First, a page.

AWS Elastic Load Balancer (ELB) – Call Me Maybe

When is a load balancer not really a load balancer?

When it’s an AWS Elastic Load Balancer (Classic ELB or ALB.)

Although it’s been well-documented for at least 6 years, it’s still not well-known that one side of a Classic ELB (or ALB) does load balancing, but the other side doesn’t have a VIP, or static IP address, which most users expect.

The reasons AWS decided on no static VIP are:

  1. AWS is likely using round-robin DNS to implement ELBs under the hood, although with options like “sticky” and health-checking
  2. AWS doesn’t want users to rely on permanent IP addresses for “AWS internal network management reasons”
  3. AWS didn’t care about end-user expectations, otherwise they would have called it a “HLB” (Half Load Balancer)
  4. AWS can tweak their own services to consume the output of ELB’s, like endpoints.

The problems with not having a static VIP are:

  1. client programs (browsers, Java applications, k8s, etc.) that connect to an ELB will have apparent random connect failures and have to resolve the endpoint per connection request periodically when the ELB changes the addresses
  2. client programs cannot cache DNS if they want reliable connections, a significant performance problem
  3. ELB addresses cannot be whitelisted in firewalls
  4. ELBs typically return several IP addresses, similar to round-robin DNS, which some applications don’t expect
  5. in network engineering terms, ELBs don’t support TCP Layer 3, which is immensely unhelpful
  6. without a VIP, designing static architectures is fruitless – how can you guarantee 5×9’s when devices are changing without any advance notification? ie. you’re “painted into a corner”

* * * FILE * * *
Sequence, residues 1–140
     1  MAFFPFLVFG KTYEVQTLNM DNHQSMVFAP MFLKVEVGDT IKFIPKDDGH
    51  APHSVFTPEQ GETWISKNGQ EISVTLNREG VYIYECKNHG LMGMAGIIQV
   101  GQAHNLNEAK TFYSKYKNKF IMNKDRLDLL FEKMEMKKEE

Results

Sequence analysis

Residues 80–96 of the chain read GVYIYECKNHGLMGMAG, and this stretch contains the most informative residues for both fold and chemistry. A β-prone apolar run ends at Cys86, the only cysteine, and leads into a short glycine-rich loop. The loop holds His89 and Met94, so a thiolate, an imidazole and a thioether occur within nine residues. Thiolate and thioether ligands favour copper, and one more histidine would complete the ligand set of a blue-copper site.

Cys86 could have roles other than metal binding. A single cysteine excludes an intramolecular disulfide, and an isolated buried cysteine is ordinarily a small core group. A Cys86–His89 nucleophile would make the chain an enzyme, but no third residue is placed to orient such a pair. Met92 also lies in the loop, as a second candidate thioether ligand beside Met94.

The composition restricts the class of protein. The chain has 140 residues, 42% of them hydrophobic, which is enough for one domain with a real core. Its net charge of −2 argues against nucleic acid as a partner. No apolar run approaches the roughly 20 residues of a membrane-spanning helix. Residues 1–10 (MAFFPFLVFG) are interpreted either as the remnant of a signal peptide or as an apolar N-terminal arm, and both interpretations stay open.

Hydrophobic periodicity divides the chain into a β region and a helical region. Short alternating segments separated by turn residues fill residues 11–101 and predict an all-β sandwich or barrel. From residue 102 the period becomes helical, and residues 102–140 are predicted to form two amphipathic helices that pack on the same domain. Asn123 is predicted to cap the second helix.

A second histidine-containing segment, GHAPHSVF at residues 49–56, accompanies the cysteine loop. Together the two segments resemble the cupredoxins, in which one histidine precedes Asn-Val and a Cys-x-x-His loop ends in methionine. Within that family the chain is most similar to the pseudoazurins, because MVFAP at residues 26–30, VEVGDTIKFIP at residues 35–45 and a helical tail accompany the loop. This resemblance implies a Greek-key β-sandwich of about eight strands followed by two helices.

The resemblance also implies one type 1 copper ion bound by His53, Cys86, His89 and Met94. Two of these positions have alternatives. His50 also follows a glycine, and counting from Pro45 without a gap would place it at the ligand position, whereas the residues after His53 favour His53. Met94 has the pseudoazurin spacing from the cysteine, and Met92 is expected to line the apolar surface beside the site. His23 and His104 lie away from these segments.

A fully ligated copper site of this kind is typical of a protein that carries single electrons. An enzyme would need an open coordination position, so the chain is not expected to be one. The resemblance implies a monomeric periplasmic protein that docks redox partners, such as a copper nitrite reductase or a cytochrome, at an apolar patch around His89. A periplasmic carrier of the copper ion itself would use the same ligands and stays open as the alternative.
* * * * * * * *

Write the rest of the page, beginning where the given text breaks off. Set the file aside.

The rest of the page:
7. if traffic ramps up quickly, the ELB topology will scale by returning a varying list of IP addresses in a short amount of time
  8. connections are broken by ELB, introducing corruption into stateful applications like middleware and orchestration software.

Additional problems with ELBs are:

  1. even when expecting multiple IPs, ELBs randomize them, causing cache misses. You must also have a distributed session manager if you don’t use “sticky.”
  2. the default is to break the connection on change, not to drain the connection first.

By now, you’re likely horrified as you see your 5×9’s rapidly disappear in the rear-view mirror. 🙂

For most users, the lack of that static IP disqualifies Classic ELBs and ALBs from any HA architecture design.

Solutions if your client program is expecting a static VIP are:

  1. Network Load Balancers (NLB’s) (introduced in 2017) support an EIP
  2. use EIPs (note that replacing a server in your farm will require binding an EIP in some cases, which may take up to 120 seconds. So you really should start with n+1 servers at all times.)
  3. EIPs to HAProxy
  4. third-party solutions like F5.

Lame workarounds:

  1. AWS has an article on combining NLB+ALB+Lambda to track IP address changes
  2. manually monitor ELB changes and restart your apps, preferably automatically
  3. tell your browser users to retry failed requests, or close their browser and reopen it, whenever they see errors.


  1. Route53 DNS ALIAS and CNAMEs only help if your client program doesn’t cache lookups. I don’t know why AWS documentation erroneously says that ALIAS will somehow help with ELB’s, as client programs cache lookups.

AWS High Availability Patterns : DNS Load Balancing Tier
GCE: Network Load Balancing (uses a static IP as expected)

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